Victoria hockey coach seriously injured in Beijing crash

Justin Isaac woke up in the middle of a busy Beijing road on Dec. 6 and realized his leg was broken.

The 28-year-old Victoria man, who was a player and assistant coach with the Peninsula Panthers hockey team, was bruised and scratched all over his body. A bone in his leg was sticking out through the skin and he was bleeding badly, he said in a video chat Thursday from his hospital bed in Beijing.

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Isaac appeared tired, with yellow and purple bruising around an eye. He said he has no memory of being hit by a car.

“I remember my friend tried to help me. After a little bit, a few other people noticed and tried to help. They moved me off the street, which was really painful with my leg. I just remember having to hold both parts of it as they moved me over the sidewalk,” he recalled.

Isaac waited for the ambulance in –10 C weather. When he arrived at the hospital, doctors found he had two compound fractures of his left leg. He was taken to the operating room.

Staff from the Kaiwen Sports Academy, where Isaac has been coaching young hockey players since February, rushed to the hospital and took care of everything, he said.

“They visited every day and brought food and snacks and delivered cards from the children,” Isaac said.

“They really helped me recover and stay positive. They’re super nice.”

Young players from the two teams he coaches made a video telling Isaac they missed him and hoped he would soon be better.

“Coaching young people has been a really amazing experience. It’s been a lot of fun. Some of the kids have never played hockey before. Just getting them interested in the game and seeing them start to fall in love with it, that’s been really rewarding.”

After talking with police at the hospital, Isaac agreed to take 50 per cent of the blame for the accident.

Still, Isaac said he had been enjoying the new experience of living in China.

“I didn’t really have any expectations. I heard about the job and moved two months later.”

Pete Zubersky, co-owner of the Peninsula Panthers, said Isaac started coming to the hockey games as a little kid.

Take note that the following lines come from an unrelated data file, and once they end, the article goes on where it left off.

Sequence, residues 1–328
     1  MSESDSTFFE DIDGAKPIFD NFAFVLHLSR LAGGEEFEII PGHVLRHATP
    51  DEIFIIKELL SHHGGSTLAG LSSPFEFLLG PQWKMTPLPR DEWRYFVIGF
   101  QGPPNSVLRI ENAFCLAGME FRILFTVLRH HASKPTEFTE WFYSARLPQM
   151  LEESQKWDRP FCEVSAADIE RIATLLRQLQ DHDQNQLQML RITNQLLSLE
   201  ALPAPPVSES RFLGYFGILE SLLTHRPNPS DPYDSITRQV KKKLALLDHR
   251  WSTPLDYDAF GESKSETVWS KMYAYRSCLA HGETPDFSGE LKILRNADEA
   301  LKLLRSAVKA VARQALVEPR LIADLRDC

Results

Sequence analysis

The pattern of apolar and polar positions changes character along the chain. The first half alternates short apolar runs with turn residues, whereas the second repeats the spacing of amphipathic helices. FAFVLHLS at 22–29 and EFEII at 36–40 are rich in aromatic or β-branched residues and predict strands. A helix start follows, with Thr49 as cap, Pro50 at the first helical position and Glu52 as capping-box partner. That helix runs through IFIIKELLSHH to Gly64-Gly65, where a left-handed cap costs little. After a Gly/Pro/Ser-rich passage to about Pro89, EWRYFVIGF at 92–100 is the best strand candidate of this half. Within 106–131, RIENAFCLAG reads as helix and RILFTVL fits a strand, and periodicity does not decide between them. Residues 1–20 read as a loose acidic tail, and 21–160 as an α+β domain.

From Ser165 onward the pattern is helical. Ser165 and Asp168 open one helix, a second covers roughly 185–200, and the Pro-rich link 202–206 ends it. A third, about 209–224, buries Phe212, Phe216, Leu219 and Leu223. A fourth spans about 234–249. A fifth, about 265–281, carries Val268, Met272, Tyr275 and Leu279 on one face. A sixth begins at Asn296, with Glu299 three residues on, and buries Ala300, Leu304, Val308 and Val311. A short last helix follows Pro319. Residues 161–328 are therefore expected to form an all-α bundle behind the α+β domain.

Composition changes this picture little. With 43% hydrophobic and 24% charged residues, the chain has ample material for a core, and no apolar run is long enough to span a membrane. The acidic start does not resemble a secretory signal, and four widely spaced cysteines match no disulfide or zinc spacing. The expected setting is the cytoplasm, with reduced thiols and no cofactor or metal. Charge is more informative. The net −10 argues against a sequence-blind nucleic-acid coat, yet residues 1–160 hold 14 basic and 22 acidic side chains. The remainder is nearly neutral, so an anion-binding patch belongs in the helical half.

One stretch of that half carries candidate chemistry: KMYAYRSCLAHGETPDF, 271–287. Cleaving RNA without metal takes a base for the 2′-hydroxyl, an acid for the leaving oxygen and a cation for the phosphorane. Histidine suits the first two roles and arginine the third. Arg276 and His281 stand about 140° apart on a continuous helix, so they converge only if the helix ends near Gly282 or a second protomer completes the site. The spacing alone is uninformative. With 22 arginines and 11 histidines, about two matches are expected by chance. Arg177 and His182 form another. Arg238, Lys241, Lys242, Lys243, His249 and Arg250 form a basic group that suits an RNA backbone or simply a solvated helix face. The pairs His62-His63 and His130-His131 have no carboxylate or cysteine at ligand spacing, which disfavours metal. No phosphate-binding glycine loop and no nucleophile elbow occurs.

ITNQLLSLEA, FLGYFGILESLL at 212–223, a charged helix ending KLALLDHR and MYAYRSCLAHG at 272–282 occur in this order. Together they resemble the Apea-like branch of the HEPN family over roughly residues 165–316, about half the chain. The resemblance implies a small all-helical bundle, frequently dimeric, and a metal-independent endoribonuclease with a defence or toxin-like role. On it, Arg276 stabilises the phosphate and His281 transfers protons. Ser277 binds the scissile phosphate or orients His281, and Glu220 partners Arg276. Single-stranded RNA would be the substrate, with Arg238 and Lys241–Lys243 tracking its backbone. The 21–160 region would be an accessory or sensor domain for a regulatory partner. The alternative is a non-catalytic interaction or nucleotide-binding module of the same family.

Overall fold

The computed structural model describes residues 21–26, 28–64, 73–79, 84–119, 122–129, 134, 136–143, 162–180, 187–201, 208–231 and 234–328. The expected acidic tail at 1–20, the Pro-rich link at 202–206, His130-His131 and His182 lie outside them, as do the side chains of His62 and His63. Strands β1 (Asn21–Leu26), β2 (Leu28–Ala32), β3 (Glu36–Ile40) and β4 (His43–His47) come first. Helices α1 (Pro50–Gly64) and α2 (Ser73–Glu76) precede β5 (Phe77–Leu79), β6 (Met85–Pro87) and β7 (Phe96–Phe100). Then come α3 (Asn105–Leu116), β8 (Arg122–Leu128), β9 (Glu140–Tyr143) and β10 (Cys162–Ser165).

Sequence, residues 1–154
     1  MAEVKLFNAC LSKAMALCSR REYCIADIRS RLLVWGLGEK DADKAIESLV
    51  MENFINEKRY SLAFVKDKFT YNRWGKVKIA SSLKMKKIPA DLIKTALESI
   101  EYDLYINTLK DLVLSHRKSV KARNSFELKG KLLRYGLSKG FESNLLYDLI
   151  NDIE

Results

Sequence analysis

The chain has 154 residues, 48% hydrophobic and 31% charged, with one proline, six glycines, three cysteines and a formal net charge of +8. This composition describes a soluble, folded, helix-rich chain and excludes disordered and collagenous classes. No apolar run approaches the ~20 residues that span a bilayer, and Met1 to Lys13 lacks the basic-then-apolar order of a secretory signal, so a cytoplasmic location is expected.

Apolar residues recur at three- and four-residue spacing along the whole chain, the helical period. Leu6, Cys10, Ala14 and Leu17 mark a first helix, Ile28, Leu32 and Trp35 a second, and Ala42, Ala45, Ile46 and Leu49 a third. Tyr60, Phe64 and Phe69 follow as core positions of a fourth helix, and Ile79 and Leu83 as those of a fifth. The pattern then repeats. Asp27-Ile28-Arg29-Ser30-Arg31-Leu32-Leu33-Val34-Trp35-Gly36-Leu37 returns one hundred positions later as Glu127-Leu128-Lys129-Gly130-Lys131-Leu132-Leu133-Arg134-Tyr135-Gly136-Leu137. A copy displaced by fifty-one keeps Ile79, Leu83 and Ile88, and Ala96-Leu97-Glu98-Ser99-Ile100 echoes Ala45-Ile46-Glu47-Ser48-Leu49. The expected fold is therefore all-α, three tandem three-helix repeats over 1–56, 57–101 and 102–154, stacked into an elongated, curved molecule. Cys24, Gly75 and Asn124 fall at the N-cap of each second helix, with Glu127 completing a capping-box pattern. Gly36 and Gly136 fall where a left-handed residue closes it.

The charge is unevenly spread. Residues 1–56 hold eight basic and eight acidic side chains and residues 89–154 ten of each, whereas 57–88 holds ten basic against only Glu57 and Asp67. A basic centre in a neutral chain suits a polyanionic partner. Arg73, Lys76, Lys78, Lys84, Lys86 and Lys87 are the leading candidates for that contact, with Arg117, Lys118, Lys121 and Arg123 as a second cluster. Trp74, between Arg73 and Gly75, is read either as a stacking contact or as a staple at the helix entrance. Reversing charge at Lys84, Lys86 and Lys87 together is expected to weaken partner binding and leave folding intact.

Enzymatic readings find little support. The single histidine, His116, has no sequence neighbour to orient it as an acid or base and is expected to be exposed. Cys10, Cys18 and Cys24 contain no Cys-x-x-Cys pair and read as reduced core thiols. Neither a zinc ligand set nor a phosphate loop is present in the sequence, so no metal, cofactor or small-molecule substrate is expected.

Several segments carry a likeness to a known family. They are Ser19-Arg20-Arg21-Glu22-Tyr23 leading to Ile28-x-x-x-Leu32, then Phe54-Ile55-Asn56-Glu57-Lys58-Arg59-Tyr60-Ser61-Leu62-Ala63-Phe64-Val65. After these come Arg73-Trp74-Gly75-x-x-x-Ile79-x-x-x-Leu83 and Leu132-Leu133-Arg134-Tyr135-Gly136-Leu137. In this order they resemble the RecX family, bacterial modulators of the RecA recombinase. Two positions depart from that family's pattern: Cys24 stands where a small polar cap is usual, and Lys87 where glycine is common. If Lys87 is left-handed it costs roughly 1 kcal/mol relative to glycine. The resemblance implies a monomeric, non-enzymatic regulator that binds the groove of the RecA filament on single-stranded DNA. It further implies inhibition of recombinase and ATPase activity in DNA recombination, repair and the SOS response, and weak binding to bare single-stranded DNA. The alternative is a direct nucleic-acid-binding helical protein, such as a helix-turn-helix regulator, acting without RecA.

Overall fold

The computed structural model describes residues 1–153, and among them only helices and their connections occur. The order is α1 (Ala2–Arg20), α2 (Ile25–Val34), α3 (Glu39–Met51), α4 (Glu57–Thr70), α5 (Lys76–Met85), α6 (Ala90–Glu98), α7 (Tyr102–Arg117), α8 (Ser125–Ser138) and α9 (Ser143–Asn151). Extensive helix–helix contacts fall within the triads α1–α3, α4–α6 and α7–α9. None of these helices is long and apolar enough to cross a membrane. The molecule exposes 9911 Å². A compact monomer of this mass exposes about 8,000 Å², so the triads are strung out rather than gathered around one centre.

“Every Friday night, he was there as a little boy. He went through minor hockey and he made the team. … He had a couple of serious injuries and it kind of derailed his junior career,” said Zubersky.

A couple of years ago, Isaac helped at spring camp. Last summer, Zubersky asked if Isaac would like to come on as an assistant coach.

“He helped with the forwards and there were quite a number of kids on the team he had coached in minor hockey. He had a good relationship with the players and that seemed to work,” said Zubersky. “I think he’s just a really good young man.”

Isaac wants people to know just how grateful he is for the support from home.

“What an amazing community there is on Vancouver Island. It’s been overwhelming, but it’s been really nice.”

After the accident, Isaac’s brother Jared flew to China right away. He had a travel visa because he had visited the country last month. He has since flown home. Isaac’s mother Chrysstena applied for a travel visa and arrived in Beijing Wednesday.

The two will fly back to Victoria on Monday. Isaac will go straight to a hospital in Victoria for a second operation.

“I’m not really sure what I’m going to do,” said the hockey coach. “I’m just excited to get on the plane and get back home. It will probably be about six months before I can start walking again.”

In the meantime, a friend has set up a fundraising page online to help cover the costs of Isaac’s travel, physiotherapy and rehabilitation.

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